Factors Associated with Anxiety In Children with ASD

Saturday, May 19, 2012
Sheraton Hall (Sheraton Centre Toronto)
11:00 AM
F. J. van Steensel1 and S. M. Bogels2, (1)Child Development and Education, University of Amsterdam, Amsterdam, Netherlands, (2)Dept. of Child Development and Education , University of Amsterdam, Amsterdam, Netherlands
Background: Parental anxiety, parental rearing, and family (dys-)functioning are found to be associated with anxiety in typically developing children (e.g. Bögels & Brechman-Toussaint, 2006). In accordance, a study of Kelly, Garnett, Attwood, and Peterson (2008) found that family conflict predicted anxiety/depression in children with ASD. Anxiety/depression in turn predicted ASD-severity. Besides parental anxiety, parental rearing and family (dys-)functioning, we hypothesized that anxiety in children with ASD might be associated with externalizing behaviors. That is, because of their difficulties in emotion regulation (e.g. Laurent & Rubin, 2004), children with ASD may respond to anxiety with more acting out behaviors (White, Oswald, Ollendick, & Scahill, 2009).

Objectives: The aim of this study was to examine which factors are associated with anxiety in children with ASD.

Methods: In total 201 children participated in the study; 85 Children with ASD and comorbid anxiety disorders (further referred to as ASD-sample) and 116 children with anxiety disorders without ASD (further referred to as AD-sample). In addition, 194 mothers and 147 fathers participated. Interviews to measure anxiety disorders, and questionnaires measuring psychopathology symptoms in children and parents, as well as parental rearing and family functioning, were administered.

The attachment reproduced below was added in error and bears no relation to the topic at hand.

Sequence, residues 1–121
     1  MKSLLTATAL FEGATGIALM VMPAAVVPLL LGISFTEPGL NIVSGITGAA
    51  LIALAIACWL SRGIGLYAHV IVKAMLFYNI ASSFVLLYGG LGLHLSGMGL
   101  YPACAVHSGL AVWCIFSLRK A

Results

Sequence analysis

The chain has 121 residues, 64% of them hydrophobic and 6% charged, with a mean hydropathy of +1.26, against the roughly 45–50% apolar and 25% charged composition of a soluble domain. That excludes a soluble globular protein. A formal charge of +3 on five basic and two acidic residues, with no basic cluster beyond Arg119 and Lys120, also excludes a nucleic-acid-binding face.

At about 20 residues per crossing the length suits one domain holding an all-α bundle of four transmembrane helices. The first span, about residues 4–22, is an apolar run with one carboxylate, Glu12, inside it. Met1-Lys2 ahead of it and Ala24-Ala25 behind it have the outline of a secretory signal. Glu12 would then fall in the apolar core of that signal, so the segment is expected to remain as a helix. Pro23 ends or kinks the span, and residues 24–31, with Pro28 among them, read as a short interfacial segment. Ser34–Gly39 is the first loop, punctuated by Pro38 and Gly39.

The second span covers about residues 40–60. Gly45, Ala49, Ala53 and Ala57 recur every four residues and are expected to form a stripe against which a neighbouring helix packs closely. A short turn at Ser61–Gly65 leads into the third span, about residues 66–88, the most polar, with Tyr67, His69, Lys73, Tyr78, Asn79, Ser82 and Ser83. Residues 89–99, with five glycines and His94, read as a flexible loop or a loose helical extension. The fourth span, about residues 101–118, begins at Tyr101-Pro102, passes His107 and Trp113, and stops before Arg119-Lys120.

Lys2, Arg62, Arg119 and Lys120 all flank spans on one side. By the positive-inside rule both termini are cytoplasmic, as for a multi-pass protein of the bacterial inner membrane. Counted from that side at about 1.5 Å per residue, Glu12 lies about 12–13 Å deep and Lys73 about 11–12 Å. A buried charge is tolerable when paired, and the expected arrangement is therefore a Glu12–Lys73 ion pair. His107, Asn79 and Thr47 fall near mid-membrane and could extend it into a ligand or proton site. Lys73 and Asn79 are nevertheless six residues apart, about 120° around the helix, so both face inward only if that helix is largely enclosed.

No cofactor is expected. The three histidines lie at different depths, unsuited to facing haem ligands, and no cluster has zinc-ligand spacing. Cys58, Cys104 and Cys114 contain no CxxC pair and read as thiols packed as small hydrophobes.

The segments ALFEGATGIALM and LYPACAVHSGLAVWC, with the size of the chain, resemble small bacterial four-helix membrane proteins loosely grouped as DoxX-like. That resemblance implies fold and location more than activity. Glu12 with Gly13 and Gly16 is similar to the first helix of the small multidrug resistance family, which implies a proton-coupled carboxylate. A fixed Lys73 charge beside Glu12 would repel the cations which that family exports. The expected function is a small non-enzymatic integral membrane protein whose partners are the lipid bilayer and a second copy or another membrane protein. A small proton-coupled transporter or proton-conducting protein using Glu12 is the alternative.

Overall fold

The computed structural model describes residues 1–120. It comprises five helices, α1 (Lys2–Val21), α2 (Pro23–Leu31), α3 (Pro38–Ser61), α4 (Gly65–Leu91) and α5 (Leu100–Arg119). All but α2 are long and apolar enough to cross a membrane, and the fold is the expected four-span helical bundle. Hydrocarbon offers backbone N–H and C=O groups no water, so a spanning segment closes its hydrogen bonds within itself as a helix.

Results: It was found that anxiety in the ASD-sample was positively correlated with maternal anxiety, ASD-symptoms, and with two family functioning scales, namely Enmeshment (mother report) and Control (father report). For the AD-sample, anxiety was found to be associated with parental anxiety, ASD-symptoms, and with four family functioning scales, namely Conflict (mother report), External locus of control, Enmeshment, and Control (father report). Further, a significant correlation was found between anxiety and externalizing behaviors for both samples. Regression analyses revealed that parental anxiety and family functioning predicted anxiety symptoms in children; however, different significant predictors were identified for respondents (fathers and mothers) and for the two samples. Next, for both samples, anxiety symptoms were found to predict externalizing problems as well as ASD-symptomatology; however, the reverse was also found. That is, ASD-symptomatology significantly predicted anxiety symptoms and externalizing problems. 

Conclusions: Parental (maternal) anxiety and family factors seem to be associated with anxiety symptoms in children with ASD. The results of this study also suggest a bi-directional relation between ASD-symptomatology and symptoms of comorbidity. That is, anxiety symptoms may enhance ASD-symptomatology, while (certain) ASD-symptoms may also increase comorbidity. Interesting, this result was found for the ASD- as well as the AD-sample.

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